Ask any native New Yorkers, especially black and brown New Yorkers, and “word on the street” has long been the notion that with gentrification would come the demolition of public housing, long the place many poorer black and brown New Yorkers have called home.
Now comes word that the idea is no longer just a notion, with sources telling news outlets that the New York City Housing Authority, the nation’s largest public housing agency, providing homes to 400,000 people, is considering tearing down at least one public housing building in order to make way for a mixed-income residence with a majority of market-rate rentals.
According to Politico, the administration of Mayor Bill de Blasio, who campaigned on a platform of increasing affordable housing in the city, is considering demolishing two of the smaller buildings at the Fulton Houses development in Manhattan’s fashionable Chelsea neighborhood.
In their place, NYCHA would build a larger mixed-income building, where 70 percent of the tenants would pay market-rate rents, and the remaining 30 percent of the building would be affordable to public housing renters.
In addition, the city would turn over management of the new building to a private company, which, according to Politico sources, would be able to make a profit on the mixed-income site and use those monies to keep the Fulton Houses complex maintained in a way NYCHA has struggled to do.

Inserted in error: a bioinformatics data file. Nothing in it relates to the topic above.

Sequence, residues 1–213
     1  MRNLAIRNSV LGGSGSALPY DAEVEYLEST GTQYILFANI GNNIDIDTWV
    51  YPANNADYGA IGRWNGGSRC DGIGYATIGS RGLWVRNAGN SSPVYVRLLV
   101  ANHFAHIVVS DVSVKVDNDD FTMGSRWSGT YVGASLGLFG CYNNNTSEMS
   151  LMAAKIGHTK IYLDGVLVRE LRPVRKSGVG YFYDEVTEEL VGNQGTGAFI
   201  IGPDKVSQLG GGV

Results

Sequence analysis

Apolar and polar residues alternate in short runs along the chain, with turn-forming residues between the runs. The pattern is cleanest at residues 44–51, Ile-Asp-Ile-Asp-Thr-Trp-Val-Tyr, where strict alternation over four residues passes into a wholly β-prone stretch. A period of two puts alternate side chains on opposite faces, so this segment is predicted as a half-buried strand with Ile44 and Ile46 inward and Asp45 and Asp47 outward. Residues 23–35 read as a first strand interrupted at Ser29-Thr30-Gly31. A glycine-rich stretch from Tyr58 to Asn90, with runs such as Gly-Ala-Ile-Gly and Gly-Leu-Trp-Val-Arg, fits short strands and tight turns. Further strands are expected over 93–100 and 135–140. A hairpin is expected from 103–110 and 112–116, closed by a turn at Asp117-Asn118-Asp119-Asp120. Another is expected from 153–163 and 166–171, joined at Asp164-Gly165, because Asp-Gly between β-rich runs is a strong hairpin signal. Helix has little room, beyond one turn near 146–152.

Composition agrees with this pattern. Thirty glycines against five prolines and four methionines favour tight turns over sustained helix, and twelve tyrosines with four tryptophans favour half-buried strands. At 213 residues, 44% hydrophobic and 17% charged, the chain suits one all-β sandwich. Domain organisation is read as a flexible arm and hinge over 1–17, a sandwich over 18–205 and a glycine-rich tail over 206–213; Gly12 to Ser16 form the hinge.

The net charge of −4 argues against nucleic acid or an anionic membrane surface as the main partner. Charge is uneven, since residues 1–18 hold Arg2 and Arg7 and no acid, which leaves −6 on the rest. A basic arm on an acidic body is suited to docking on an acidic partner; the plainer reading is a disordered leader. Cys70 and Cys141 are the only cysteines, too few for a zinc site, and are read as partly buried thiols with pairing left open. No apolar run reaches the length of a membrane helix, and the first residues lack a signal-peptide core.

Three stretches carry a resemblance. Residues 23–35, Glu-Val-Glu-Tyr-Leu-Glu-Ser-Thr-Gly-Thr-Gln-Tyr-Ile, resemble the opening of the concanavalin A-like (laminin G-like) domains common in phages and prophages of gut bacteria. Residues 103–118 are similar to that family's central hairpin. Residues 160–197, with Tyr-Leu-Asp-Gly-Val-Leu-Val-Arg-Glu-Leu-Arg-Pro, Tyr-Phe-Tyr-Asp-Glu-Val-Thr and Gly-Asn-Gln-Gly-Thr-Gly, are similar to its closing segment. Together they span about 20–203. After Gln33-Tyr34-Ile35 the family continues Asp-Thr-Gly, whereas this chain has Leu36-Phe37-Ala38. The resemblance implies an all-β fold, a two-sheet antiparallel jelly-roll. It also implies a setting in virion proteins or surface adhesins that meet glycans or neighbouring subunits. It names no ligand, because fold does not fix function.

NYCHA needs $32 billion to make needed repairs over the next five years; $168 million at the Fulton Houses alone, Politico reports.
While the new building was under construction at Fulton, the displaced NYCHA tenants would be housed in two buildings put up on a little-used parking lot currently at the complex, Politico reports.
The news has Fulton Houses residents fearing the loss of their homes, and de Blasio took to Twitter to try to ease their concerns:
But Fulton residents, some of whom have called the complex home for some 50 years, aren’t buying the mayor’s assurances, according to Spectrum New York 1 News.
“I believe they’re going to make those high risers and just forget about us,” one Fulton Houses tenant told the local cable news channel. “ ... Here’s families that have been here 50 years, I got tenants that’s been in my building for 51 years. ... A lot of the tenants in my building are not leaving. At least not without a fight.”